I haven't seen any measurements about AutoProp in regeneration. In propulsion it is good, but not exceptional. It works very differently to all others, but doesn't have superior efficiency. Here are some efficiecy curves, here are some measured consumptions and here some more.

Link to post
Share on other sites

The 915 Wh battery makes the Torqueedo 1003 more attractive. I thought it would be great if I could buy a Torqueedo with the 915 Wh battery, instead of the 530 Wh standard battery. It might eliminate the need for a spare battery. No luck. Torqueedo has decided not to do that, even with an upcharge.

Link to post
Share on other sites

I got all excited when I saw the first Torqeedo units and contacted them about using one as a self launch/sustainer drive on my little 290 lb Russia AC-4A sailplane. They said it might work only if I flew it in really heavy rain because immersion in water is the prime cooling for the motor. Still, one can dream!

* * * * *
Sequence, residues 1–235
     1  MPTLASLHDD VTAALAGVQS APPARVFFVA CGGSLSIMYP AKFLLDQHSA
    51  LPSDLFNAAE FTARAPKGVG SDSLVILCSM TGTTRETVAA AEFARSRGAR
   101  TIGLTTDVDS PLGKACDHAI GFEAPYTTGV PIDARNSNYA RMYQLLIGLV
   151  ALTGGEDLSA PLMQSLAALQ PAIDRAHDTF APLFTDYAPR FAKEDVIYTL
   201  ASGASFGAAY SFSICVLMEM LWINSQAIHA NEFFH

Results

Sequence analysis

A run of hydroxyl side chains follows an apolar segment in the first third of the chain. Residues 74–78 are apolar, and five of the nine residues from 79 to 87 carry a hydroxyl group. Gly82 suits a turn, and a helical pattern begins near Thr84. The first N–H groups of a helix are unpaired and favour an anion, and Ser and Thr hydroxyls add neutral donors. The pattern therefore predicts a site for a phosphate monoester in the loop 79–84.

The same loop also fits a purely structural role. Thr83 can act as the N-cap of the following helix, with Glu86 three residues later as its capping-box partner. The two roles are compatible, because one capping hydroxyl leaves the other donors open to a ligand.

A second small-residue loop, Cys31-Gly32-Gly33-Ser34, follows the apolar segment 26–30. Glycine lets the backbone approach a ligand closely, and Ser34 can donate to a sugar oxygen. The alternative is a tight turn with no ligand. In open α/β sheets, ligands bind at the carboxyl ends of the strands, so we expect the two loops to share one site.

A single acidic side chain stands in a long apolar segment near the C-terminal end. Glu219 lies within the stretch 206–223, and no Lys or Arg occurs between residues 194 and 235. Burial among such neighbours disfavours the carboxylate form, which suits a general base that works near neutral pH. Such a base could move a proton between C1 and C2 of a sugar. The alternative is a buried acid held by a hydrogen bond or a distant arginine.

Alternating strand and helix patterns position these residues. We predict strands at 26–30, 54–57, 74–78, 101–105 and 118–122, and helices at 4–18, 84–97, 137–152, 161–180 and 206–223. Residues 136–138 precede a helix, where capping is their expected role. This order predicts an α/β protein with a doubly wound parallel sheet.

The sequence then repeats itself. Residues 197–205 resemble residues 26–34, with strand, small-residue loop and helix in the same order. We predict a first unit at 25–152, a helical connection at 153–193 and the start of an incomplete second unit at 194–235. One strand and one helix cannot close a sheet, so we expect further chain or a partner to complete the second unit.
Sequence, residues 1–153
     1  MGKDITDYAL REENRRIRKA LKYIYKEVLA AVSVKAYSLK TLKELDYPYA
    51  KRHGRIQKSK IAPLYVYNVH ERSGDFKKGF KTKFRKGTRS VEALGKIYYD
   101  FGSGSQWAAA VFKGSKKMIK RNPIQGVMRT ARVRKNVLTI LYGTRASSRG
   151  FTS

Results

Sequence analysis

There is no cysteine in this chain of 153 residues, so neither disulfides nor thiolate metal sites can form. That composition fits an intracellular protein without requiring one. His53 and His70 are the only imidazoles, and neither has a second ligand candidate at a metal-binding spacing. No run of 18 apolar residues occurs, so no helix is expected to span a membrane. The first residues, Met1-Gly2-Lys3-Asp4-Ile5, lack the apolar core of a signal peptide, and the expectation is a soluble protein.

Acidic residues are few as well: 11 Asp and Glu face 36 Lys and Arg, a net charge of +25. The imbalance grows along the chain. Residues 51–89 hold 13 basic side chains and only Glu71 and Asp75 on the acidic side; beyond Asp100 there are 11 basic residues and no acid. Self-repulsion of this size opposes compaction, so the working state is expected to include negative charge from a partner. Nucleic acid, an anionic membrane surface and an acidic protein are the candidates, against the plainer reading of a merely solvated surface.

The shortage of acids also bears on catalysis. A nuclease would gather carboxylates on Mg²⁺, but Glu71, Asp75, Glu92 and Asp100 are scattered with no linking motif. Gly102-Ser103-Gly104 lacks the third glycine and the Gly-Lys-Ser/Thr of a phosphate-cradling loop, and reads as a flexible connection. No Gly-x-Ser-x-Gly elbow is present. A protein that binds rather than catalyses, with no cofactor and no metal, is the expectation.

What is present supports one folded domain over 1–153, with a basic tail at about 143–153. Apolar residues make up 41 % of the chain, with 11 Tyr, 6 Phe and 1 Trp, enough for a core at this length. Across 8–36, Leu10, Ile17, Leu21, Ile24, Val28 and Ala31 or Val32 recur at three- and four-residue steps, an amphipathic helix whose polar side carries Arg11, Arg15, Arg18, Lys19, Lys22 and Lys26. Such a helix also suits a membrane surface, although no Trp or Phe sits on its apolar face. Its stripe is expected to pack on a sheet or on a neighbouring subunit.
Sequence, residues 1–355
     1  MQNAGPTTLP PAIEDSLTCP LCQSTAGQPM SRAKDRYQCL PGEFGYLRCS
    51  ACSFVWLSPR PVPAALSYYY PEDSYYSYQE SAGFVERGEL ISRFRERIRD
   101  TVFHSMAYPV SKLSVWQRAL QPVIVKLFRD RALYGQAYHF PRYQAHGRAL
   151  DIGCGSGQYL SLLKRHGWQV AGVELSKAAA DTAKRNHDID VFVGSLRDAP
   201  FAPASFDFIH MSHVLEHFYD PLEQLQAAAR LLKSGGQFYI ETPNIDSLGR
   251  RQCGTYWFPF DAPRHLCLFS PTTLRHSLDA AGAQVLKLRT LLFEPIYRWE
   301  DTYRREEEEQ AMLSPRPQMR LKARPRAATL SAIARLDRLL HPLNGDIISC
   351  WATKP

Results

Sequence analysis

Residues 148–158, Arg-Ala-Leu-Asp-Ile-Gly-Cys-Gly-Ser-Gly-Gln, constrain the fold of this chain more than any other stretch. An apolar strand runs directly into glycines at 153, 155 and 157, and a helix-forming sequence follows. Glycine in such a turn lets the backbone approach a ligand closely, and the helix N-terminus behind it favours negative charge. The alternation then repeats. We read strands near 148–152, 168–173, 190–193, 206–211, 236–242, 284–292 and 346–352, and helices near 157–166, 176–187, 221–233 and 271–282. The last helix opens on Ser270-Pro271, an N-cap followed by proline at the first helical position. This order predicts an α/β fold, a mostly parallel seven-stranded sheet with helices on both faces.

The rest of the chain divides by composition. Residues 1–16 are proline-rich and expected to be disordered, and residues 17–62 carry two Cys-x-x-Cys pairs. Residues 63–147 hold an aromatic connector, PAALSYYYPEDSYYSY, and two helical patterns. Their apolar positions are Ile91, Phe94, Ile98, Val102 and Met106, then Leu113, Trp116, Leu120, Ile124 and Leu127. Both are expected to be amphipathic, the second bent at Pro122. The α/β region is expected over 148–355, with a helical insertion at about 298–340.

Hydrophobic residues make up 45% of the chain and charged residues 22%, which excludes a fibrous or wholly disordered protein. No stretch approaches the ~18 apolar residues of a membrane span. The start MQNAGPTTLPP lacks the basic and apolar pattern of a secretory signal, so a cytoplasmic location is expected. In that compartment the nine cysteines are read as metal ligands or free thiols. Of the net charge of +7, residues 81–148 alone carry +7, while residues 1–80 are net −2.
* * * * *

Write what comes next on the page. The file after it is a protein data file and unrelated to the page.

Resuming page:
I have been thinking the same thing but 4kW is barely enough for sustainer and I am aware of cooling problems. They have strange design where the rotor with permanent magnets rotates around the stator that has coils. So these coils are quite well isolated and the cooling must be really effective.

In the other hand a sailboat motor could be designed like the engine of Antares 20E. Or like the newest trend of wind generators - with hollow stator. This way you can widen the diameter of the engine without increasing the resistance too much. Integrated folding propeller can have more blades and some blades can be forced to fold inward.

Link to post
Share on other sites

In that Torqeedo link you gave about the rudder propulsion they claim regeneration with a folding propeller.